Home Page for the Marvel Ultimate Alliance PSP Community

A quick look at the Home Page can leave players wondering what’s important and where to go next. At a glance, what do you see first? A good web designer would make sure that what draws the reader’s attention, the focal point, is the most important part of the page. My eye is drawn to the randomly selected Featured Player on the top right corner, even though this particular feature isn’t important at all – community member aladin’s stats mean little to me. A more important feature to see would be the official “Hot News” from the site’s community managers, designed to keep players interested in the game long term, and visiting the site for updates. Surprisingly, this information is hidden in the bottom left corner of the page, displayed in a dark blue that blends with the background. “Latest in the Forums,” a quick link to the popular forum section of the site, can also be easily overlooked with its light gray heading on a light blue background.

Interestingly, the “Latest in the Forums” is a note from a community member, Deathfromabove, announcing that he will be leaving the site for good. Perhaps he was frustrated with the cramped site layout. “This Week’s Best,” just under the “Featured Player” above, sorely stands out with its left and right columns flush next to each other, creating an ugly result. Had the site not been squeezed to fit on a small PSP screen, it would be much more readable, and pleasing to look at. Players would be more inclined to browse the site, and discover its robust set of features, that are currently overlooked.

To clean up the Home Page, it would have helped to recognize and strengthen the page’s alignment. The Navigation Bar, as seen above, appears to have a strong right justification, which can create an anchor for the rest of the page. Had this influenced the rest of the page’s design, we would see a consistent right justification below the Navigation Bar. Instead, everything below “Hot News,” starting with “Buy It” has a left justification. A strong left justification should be reserved for items to the right of the anchor, but a look at the home page above reveals that this is not the case. This looks weak and unprofessional to community members.

The cluttered Home Page could also simply have been cleaned up through the removal of unnecessary information. The page is crowded, and some trimming would not only make the site more readable, it would speed up the site’s load time on the PSP Web Browser. I would first remove the large “Featured Player” box. The “Featured Player” might be more fitting on the Profiles tab listed on the Navigation Bar. Similarly, “Featured Artwork” might be better suited for the Artwork tab. Cutting these items from the Home Page leaves room for more important information: “Hot News,” “Latest in the Forums,” and “Upcoming Events.” “This Week’s Best” can then be given more room to spread out as well, so its rows of boxes don’t have to be flush next to each other.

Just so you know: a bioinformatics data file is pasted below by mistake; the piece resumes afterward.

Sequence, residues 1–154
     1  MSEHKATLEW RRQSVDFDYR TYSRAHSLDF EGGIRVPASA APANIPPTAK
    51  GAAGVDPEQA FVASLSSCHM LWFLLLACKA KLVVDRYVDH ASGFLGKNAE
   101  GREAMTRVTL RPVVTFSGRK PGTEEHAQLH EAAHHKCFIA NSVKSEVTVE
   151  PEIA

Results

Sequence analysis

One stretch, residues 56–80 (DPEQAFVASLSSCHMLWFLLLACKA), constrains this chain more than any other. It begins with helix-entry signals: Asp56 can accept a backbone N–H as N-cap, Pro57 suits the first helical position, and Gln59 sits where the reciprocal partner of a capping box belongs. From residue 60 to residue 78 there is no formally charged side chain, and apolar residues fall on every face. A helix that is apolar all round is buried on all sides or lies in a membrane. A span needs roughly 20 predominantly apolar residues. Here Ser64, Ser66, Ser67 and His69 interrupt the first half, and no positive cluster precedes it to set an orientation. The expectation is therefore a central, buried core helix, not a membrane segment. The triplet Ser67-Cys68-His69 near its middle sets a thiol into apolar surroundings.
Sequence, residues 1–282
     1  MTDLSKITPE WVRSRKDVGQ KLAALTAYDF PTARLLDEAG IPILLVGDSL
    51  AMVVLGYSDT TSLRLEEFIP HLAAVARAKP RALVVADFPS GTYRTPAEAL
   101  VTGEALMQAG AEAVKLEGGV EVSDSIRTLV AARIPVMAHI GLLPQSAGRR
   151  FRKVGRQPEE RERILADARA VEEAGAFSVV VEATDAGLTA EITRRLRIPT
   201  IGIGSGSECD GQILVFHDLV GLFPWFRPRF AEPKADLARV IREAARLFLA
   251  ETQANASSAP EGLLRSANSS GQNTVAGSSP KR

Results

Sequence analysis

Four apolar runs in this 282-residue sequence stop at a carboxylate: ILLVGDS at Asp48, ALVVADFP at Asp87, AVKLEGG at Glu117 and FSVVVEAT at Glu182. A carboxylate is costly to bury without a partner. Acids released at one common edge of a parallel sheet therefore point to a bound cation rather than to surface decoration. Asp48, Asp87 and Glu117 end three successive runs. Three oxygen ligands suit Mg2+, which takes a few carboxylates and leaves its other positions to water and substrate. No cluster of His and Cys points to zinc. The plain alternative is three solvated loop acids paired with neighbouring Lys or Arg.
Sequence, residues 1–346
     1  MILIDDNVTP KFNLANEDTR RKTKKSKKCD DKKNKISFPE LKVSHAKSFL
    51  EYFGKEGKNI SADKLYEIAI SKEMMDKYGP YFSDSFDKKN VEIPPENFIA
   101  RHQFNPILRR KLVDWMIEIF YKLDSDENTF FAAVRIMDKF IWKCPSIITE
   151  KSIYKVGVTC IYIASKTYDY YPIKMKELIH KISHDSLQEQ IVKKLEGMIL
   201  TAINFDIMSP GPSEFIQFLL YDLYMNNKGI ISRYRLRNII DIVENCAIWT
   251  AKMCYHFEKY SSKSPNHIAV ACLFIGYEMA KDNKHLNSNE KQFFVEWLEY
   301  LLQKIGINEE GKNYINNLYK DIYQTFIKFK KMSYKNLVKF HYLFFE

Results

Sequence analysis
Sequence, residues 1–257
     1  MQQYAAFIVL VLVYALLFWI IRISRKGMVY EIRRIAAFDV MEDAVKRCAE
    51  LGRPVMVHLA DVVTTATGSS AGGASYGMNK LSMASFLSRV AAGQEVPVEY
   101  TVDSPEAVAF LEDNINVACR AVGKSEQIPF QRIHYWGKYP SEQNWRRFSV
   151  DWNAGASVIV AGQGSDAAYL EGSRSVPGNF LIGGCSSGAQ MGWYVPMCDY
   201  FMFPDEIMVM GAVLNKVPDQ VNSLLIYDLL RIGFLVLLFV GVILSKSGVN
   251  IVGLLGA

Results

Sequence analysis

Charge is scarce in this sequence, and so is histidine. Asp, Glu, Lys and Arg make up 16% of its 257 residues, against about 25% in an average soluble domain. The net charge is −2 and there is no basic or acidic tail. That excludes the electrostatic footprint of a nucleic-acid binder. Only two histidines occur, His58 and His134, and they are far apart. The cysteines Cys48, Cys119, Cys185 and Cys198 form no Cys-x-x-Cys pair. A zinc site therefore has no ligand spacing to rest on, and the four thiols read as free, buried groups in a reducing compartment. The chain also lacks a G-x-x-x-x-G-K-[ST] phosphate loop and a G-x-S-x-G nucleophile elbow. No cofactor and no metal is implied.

First impressions count. This is especially true in the gaming industry. Potential buyers might rent a game, and only play the first half hour of content. If this isn’t impressive, a potential sale is lost. Similarly, a web community should make a strong first impression. Without even leaving the Home Page, a player should be able to see that the Marvel Ultimate Alliance PSP Community has strong features that appeal to his or her goals: to chat, make friends, enjoy the game, and share scores. The site offers forums, the ability to create and join alliances with friends, and detailed score tracking, yet these features are overlooked due to a cramped overall site design. When players see weak page alignment, and a crowded jumble of information on the main page, they believe that the site is weak, and that the game isn’t worth their time. For this reason, Activision’s goal to sell copies of MUA PSP might not be fully realized under the site’s current layout. The statistics tracking and PSP-compatibility of the site will draw some sales, but long-term goals of viral marketing and increased shelf life for the game can only be achieved when players stay on the site, enjoy MUA PSP, and reach new buyers by word of mouth. The “Latest in the Forums” tells us not to hold our breath. Current community members, like Deathfromabove, won’t stay on the site forever.